Gravity Probe B mission enters science phase

On Aug. 27, with its initialization and orbit calibration phase behind it, Gravity Probe B (GP-B) entered the science phase of its mission to test Einstein’s General Theory of Relativity.

“This is the moment we have been waiting for,” said Stanford Research Professor Francis Everitt, co-principal investigator of GP-B with Professor Emeritus Brad Parkinson. “It represents a magnificent effort by the entire Stanford–NASA–Lockheed Martin team.”

From its April 20 launch from Vandenberg Air Force Base in Southern California until it entered the science phase, the NASA spacecraft’s instruments—including four ultra-precise gyroscopes—have been undergoing systems checkouts and fine-tuning from an orbit 400 miles above Earth.

“All systems are meeting or exceeding the requirements of the mission,” said Stanford program manager Gaylord Green.

At launch, GPB’s dewar contained about 650 gallons of superfluid helium—enough to maintain the gyroscopes in a cryogenic state for 16 months. The mission timeline originally specified two months for initialization, checkout and instrument tuning, 13 months for relativity data collection and one final month for instrument re-calibration. Although the four months needed for initialization and orbit calibration result in a shorter data collection period than planned, GP-B will still “significantly surpass its mission performance requirements,” according to a NASA statement.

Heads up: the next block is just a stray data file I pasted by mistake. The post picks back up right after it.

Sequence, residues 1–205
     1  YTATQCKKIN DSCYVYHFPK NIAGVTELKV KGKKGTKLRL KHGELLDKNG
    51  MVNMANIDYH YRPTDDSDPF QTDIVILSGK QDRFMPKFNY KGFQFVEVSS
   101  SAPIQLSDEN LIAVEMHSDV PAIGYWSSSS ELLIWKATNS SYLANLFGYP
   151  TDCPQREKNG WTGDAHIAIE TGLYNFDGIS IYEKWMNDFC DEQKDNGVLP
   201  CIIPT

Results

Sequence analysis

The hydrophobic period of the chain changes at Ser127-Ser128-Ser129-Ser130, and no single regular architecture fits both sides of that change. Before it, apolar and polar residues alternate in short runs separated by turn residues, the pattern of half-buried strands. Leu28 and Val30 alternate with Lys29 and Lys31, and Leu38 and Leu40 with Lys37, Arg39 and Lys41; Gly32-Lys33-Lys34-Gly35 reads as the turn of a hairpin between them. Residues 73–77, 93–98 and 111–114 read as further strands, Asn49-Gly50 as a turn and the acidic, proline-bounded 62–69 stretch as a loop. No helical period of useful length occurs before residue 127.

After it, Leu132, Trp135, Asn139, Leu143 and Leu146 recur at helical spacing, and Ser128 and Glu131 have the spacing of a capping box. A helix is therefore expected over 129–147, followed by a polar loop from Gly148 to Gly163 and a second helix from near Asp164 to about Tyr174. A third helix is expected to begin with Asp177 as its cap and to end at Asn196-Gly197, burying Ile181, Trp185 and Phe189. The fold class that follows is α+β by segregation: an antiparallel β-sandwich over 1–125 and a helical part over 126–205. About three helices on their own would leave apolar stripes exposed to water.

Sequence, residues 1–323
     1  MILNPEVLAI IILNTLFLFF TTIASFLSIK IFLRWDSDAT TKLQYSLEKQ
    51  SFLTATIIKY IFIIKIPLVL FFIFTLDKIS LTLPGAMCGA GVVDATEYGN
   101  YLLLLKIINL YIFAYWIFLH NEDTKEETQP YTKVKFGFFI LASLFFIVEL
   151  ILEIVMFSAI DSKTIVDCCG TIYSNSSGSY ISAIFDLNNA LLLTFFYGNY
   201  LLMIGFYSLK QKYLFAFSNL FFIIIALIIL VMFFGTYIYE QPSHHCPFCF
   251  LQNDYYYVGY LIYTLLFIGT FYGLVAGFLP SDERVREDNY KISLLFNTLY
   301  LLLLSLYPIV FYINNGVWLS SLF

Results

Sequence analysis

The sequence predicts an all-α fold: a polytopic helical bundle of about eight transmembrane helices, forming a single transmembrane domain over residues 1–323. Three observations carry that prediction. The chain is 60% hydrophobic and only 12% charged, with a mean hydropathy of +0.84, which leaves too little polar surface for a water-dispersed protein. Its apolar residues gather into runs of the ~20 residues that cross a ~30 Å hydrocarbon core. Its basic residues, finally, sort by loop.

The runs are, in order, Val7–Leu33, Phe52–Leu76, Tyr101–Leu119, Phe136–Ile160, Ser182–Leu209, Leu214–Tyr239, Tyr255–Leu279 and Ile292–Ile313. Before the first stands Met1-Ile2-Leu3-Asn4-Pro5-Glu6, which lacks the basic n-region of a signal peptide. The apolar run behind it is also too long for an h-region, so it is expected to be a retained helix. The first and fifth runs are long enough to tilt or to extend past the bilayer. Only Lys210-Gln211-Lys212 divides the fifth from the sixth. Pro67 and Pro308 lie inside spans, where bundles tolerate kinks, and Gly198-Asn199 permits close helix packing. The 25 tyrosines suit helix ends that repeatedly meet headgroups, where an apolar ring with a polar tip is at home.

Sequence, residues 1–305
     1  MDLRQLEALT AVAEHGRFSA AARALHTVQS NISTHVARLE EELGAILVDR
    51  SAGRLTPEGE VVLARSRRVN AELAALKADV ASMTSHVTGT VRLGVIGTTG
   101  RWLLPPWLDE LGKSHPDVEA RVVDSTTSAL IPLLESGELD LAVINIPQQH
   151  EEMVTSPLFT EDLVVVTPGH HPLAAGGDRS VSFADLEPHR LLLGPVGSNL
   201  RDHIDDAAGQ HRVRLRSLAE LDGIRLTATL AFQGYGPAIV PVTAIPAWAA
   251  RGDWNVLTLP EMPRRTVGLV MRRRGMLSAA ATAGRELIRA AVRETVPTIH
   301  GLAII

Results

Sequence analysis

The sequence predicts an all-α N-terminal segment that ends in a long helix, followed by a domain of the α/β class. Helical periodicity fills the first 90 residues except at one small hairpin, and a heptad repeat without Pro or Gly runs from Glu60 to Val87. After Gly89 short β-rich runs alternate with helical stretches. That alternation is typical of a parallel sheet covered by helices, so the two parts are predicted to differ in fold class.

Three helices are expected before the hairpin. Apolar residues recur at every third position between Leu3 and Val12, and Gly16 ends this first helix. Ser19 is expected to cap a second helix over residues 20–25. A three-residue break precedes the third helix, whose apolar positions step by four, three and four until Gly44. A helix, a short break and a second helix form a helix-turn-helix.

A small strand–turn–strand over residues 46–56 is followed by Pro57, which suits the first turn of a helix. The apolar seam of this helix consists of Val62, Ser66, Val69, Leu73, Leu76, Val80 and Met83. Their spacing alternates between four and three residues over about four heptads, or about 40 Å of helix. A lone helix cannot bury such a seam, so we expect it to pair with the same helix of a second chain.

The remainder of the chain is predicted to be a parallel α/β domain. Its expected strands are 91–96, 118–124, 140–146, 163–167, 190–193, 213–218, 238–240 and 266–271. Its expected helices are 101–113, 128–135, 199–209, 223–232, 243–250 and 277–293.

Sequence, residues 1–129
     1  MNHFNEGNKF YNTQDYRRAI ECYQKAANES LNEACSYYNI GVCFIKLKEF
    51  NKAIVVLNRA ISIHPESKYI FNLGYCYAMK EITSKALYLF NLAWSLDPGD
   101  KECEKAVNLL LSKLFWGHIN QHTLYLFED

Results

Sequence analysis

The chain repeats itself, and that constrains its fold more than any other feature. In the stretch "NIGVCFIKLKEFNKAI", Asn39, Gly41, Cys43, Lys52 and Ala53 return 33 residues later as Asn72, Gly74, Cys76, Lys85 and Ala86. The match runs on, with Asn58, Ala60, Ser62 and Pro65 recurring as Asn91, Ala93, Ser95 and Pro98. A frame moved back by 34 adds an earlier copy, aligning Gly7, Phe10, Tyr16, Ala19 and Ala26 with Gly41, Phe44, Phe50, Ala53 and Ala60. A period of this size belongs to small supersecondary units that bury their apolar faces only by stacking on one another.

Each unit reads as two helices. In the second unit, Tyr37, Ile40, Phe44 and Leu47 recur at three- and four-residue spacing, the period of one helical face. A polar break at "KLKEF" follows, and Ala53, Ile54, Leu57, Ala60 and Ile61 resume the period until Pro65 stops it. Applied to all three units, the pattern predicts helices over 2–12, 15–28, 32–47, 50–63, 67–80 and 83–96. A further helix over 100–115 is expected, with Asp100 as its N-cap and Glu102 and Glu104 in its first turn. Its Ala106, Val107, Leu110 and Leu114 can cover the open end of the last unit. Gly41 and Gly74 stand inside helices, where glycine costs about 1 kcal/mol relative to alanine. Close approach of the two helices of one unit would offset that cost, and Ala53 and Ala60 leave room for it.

During the science phase, data are collected twice a day about vehicle and instrument performance. Extremely precise measurements of the gyroscopes’ spin-axis alignment relative to a guide star convey the amounts by which the Earth dents and drags local timespace.